A while ago I already pondered preparing links in my websites for https. With Let's Encrypt I can get free domain validating certificates for TLS encrypting my traffic. Even the subjectAltName extension is supported to get multiple domain names on one certificate. But it took me a while to really get around to implementing the rest and testing the results. The standard way of using letsencrypt is a bit too much 'for dummies' to my taste. The suggested and supported method for using Let's Encrypt uses the standard Let's Encrypt client which is very good at modifying apache configurations on it's own. I would like free certificates, but not at the price of letting that script do things to my webserver configuration. So I asked around and someone pointed me at letsencrypt-nosudo with the brilliant introduction:Read the rest of First tries with letsencrypt certificatesI love the Let's Encrypt devs dearly, but there's no way I'm going to trust their script to run on my server as root, be able to edit my server configs, and have access to my private keys. I'd just like the free ssl certificate, please.Exactly my thoughts. So I used that script, got my brain around what was happening and now I have a TLS certificate for a number of my private domains.
: For those looking down a bit too much...
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De link wijst naar iets anders wat weer redirect naar een downloadlink bij dropbox. En uiteindelijk komt er een zip file met:
- Er staat een 7-cijferig nummer in wat onzichtbaar gemaakt wordt met <font size="1" color="white">, dit nummer komt een aantal keren terug.
- Het rekeningnummer is ongeldig en lijkt absoluut niet op het rekeningnummer van Intrum Justitia Nederland
- Het telefoonnummer is niet van Intrum Justitia en wordt vaker gebruikt in valse e-mailsArchive: Factuur 00891884-937473.zip Factuur 00891884-937473.pdff inflating: Factuur 00891884-937473.pdf.exeMeer informatie van Intrum Justitia zelf via Valse e-mails misbruiken naam Intrum Justitia.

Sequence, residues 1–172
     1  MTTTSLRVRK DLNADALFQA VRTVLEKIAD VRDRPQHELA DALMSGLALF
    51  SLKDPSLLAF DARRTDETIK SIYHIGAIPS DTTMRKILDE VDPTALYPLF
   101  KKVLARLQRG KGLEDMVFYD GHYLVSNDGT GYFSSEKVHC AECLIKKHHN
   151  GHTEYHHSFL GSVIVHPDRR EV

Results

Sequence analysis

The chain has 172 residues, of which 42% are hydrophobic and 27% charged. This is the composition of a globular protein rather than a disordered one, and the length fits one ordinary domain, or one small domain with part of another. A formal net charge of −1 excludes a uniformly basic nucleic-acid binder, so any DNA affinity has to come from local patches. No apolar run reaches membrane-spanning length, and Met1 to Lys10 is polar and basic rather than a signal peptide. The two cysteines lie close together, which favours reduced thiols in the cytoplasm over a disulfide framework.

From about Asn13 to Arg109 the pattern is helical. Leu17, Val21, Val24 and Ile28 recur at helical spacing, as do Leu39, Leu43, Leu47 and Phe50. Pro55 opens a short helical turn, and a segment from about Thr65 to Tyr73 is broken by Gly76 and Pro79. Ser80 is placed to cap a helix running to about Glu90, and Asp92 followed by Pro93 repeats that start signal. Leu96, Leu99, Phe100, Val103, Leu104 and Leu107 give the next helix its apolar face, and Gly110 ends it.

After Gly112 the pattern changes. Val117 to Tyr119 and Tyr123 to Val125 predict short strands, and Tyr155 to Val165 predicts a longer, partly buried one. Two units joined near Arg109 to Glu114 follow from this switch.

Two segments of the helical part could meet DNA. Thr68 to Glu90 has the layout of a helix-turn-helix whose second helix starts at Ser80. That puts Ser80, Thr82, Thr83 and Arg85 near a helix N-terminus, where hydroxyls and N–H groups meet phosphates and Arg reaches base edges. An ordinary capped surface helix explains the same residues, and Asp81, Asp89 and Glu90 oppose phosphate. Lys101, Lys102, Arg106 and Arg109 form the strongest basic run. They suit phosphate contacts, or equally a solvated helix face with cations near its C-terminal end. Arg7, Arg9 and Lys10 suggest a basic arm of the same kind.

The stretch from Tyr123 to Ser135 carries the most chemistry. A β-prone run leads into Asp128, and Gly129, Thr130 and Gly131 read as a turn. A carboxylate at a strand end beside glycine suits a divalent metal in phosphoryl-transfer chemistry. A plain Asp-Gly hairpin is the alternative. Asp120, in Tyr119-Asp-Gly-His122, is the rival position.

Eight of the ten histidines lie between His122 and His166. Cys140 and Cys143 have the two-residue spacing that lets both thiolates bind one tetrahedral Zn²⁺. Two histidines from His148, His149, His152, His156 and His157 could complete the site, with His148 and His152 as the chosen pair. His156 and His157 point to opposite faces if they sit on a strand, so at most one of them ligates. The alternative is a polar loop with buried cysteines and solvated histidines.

: I had a number of QSL cards to write for my old callsign so I printed a 'cheat sheet' with all the details from CQRLOG. And this made it quite clear for me that with a bit of work I can print labels for my QSL cards and save a lot of writing.
I like the approach CQRLOG takes: it exports the QSL data in csv format and leaves label creation to gLabels which is much better at it.
Geen DX deze keer maar gewoon nieuwe services bij MTVNL en wat verschuivingen. Volgens Efteling Kids Radio terug via DAB+ in Amsterdam - radio.nl zal MTVNL op den duur de optie om aparte versies per regio meer gaan inzetten. Volgens radio-tv-nederland.nl is het al zo dat de versie in Eindhoven alleen Radio JND als DAB+ service heeft (terwijl die er hier in Utrecht dus ook bij zit).Read the rest of DAB services scan 24 april 2016
Q codes in radio which date back to radio telegraphy on ships. QSL as an answer means I am acknowledging receipt. I have my own QSL card for my old callsign PD4KH and I will need a new batch for PE4KH some day. To save on the costs of sending those cards there are QSL bureaus in the world. I submit my cards to the Dutch QSL Bureau via my radio club and eventually cards for me end up at my radio club. I have sent out numbers of QSL cards and received numbers of QSL cards.Read the rest of Improving my QSL workflow with cqrlog